W.E.B Du Bois' The Souls of Black Folk is a seminal work in the field of sociology, a classic of American literature - and a solid example of carefully-structured reasoning.
One of the most important texts ever written on racism and black identity in America, the work contains powerful arguments that illustrate the problem of the position of black people in the US at the turn of the 20th-century. Du Bois identified three significant issues ('the color line'; 'double consciousness'; and 'the veil') that acted as roadblocks to true black emancipation, and showed how each of these in turn contributed to the problem of inequality.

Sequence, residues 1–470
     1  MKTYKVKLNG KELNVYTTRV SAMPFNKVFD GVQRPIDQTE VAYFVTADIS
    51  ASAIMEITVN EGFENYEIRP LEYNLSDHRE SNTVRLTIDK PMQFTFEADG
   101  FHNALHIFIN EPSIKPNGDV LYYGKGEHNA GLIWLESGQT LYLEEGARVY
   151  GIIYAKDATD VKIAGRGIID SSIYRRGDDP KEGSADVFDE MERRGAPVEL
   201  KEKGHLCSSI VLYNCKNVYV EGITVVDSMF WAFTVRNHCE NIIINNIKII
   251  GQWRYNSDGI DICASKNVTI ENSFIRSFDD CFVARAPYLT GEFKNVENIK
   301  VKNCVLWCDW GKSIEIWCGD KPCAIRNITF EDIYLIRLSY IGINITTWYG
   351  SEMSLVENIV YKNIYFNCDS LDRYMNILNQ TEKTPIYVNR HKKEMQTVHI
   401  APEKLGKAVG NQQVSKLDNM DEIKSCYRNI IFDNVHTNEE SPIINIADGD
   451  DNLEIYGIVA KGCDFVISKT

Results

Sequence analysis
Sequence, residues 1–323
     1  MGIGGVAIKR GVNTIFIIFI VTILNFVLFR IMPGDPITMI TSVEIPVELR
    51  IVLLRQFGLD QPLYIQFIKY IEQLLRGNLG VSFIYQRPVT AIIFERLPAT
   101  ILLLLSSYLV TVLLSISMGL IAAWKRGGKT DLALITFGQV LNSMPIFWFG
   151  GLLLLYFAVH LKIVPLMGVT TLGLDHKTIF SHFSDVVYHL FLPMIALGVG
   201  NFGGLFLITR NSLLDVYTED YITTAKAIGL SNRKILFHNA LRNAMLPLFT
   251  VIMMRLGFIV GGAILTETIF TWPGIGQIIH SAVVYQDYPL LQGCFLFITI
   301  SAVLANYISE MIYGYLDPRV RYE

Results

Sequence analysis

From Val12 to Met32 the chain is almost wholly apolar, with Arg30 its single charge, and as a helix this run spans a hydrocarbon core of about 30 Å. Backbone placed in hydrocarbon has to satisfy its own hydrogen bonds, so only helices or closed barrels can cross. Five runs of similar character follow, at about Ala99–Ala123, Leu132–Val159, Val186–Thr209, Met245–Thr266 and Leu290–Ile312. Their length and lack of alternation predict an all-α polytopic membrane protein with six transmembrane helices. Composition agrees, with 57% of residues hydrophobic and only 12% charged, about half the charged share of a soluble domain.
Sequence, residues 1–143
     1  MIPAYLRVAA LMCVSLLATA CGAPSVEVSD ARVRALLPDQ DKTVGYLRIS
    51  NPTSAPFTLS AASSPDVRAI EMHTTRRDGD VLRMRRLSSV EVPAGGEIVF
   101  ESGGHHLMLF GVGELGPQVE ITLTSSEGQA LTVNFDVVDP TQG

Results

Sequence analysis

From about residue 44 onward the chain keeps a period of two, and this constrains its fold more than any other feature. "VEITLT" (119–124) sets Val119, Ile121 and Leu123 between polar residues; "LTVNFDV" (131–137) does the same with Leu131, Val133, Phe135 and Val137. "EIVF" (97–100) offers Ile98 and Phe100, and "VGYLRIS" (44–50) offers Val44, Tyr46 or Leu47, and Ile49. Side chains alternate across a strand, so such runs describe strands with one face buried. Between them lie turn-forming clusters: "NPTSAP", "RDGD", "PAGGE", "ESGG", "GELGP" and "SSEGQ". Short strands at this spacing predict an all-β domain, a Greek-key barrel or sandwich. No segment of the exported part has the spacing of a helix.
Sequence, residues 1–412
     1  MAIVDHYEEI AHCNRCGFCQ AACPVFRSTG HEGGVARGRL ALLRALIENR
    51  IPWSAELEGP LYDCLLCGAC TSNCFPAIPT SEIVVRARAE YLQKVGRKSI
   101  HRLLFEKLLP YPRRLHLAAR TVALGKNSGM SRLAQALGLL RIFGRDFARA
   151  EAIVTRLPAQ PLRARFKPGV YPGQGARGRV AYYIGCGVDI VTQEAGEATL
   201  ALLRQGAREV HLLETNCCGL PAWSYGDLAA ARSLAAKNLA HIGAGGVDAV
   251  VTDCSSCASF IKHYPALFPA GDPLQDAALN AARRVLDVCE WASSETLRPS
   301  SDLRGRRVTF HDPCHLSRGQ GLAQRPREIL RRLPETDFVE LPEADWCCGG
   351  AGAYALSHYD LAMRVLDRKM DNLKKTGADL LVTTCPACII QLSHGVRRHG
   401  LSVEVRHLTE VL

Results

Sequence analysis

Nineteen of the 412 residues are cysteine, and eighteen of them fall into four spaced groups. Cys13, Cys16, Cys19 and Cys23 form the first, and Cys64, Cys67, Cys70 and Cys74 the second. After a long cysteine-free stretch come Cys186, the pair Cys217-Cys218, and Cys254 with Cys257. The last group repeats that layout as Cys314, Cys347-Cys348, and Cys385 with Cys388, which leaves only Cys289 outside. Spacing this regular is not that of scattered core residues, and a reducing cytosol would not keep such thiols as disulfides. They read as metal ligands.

Du Bois carefully investigates all three problems, constructing clear explanations of their significance in shaping the consciousness of a community that has been systematically discriminated against, and dealing brilliantly with counter-arguments throughout. The Souls of Black Folk went on to profoundly influence the civil rights movement in the US, inspiring post-colonial thinking worldwide.